The D.C. gay nightclub Ziegfeld’s-Secrets has taken the unusual step of using its promotional website and email advertising to appeal to Mayor Muriel Bowser for help in fixing what it says are crumbling city streets its customers must drive through to reach the club.
The club is located at 1824 Half St., S.W., in the city’s Buzzard Point section a few blocks from where a new stadium for the D.C. United soccer team is being built.
Heavy construction equipment like bulldozers and large trucks have come to the area for the stadium construction and may be the source of the road problems, according to a spokesperson for the D.C. Department of Transportation, which is in charge of maintaining city streets.
But Ziegfeld’s-Secrets employees and customers say the three-block section of Half Street leading to the club has been riddled with deep and potentially vehicle damaging potholes beginning more than two years before construction began on the stadium.
“Mayor Bowser & ABRA, our business continues to crumble, just as the streets our patrons have to drive upon to our business,” the club stated in a Sept. 28 ad that also promoted its popular drag shows and nude male dancers.
ABRA stands for the city’s Alcoholic Beverage Regulation Administration that oversees businesses that sell alcoholic beverages.
In an ad posted Sept. 21 on the club’s website and delivered to customers on its email list, the club stated, “Dear Mayor Bowser, your Stadium is still DESTROYING our business due to the detour and road conditions! RESPONSE? ANYTHING?”
Ziegfeld’s-Secrets’ general manager Steven Delurba said he and the club’s owner, Allen Carroll, were encouraged last week when Sheila Alexander-Reid, director of the Mayor’s Office of LGBTQ Affairs, contacted them by phone and invited them to meet with her to discuss their concerns. Delurba said Carroll was expected to go to the meeting set for early next week.
“It’s really not fair that our customers have to drive through an obstacle course to come here,” Delurba told the Washington Blade in February, when the section of Half Street leading to the club appeared to be in the worst shape ever with potholes.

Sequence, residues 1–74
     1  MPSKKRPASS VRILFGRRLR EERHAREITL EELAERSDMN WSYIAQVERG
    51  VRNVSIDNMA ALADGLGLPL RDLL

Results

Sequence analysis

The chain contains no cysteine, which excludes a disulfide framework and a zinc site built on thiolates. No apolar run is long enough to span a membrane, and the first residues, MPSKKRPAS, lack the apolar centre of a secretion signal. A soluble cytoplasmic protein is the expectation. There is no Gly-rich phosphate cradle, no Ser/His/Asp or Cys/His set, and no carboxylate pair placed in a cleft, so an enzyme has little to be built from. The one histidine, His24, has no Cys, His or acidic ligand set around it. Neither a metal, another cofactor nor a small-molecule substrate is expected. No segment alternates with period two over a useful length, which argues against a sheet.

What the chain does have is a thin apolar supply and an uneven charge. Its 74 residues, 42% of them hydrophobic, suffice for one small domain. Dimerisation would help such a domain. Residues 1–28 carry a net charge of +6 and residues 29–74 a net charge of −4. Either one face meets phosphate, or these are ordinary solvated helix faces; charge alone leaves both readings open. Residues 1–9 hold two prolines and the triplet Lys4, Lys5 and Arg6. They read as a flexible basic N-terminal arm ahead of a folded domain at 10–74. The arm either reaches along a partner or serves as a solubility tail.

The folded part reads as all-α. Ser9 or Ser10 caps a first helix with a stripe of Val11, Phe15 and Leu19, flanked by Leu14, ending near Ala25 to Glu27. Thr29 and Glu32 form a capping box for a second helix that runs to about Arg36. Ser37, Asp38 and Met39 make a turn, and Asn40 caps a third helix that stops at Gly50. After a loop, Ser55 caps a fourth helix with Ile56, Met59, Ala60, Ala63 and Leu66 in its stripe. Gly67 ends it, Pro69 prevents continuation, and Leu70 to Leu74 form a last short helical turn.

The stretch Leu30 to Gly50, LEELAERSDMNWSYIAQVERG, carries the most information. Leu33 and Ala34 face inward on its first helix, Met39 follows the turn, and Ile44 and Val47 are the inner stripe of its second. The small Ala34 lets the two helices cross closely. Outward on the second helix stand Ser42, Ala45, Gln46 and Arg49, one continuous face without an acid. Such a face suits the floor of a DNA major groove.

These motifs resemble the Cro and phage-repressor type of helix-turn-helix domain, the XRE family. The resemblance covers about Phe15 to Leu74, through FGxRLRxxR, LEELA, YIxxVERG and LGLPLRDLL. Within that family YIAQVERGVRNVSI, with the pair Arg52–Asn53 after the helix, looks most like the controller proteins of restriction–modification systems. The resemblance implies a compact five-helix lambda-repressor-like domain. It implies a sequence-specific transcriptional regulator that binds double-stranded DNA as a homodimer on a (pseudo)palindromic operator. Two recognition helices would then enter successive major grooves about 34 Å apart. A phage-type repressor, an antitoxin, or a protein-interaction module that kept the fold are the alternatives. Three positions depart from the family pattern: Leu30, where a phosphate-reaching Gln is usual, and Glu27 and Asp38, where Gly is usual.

Carroll said he and his team of employees and entertainers as well as regular customers were startled to discover while driving to the club one night in late August that the city had closed that section of Half Street completely for an apparent full makeover without giving the club any advance notice.
A long, circuitous detour had been put in place by transportation department officials and construction crews that Ziegfeld’s-Secrets’ employees and customers would have to take until Half Street could be reopened, according to Delurba and Carroll.
Fearing that customers seeing the closed street would think the club had also closed, Delurba said he taped a makeshift sign he made to the cement barrier blocking the entrance to Half Street that said “Ziegfeld’s-Secrets Open!”
Many of the streets along the detour route, which passes next to the stadium construction site, are also riddled with multiple bumps and potholes, Carroll and Delurba said, adding to the inconvenience their customers encounter every time they visit the club.
In a visit by the Blade two weeks ago to the section of Half Street currently closed, it could be seen that new sidewalks and curbs were being installed and upscale street lamps were being placed along the newly installed sidewalks.
Delurba and Carroll said they were hopeful that a nicely redone Half Street would be reopened by December as one of the construction workers told a club employee a few weeks ago.
But Terry Owens, a spokesperson for the transportation department, known as DDOT, and Joia Nuri, a spokesperson for the D.C. Department of General Services, which oversees city contracts for street repairs, each said they could not immediately determine when the section of Half Street leading to Ziegfeld’s-Secrets would reopen.
Delurba said he and Carroll were hopeful that Alexander-Reid could intervene on the club’s behalf with the mayor and DDOT, which is now headed by gay Interim Director Jeff Marootian.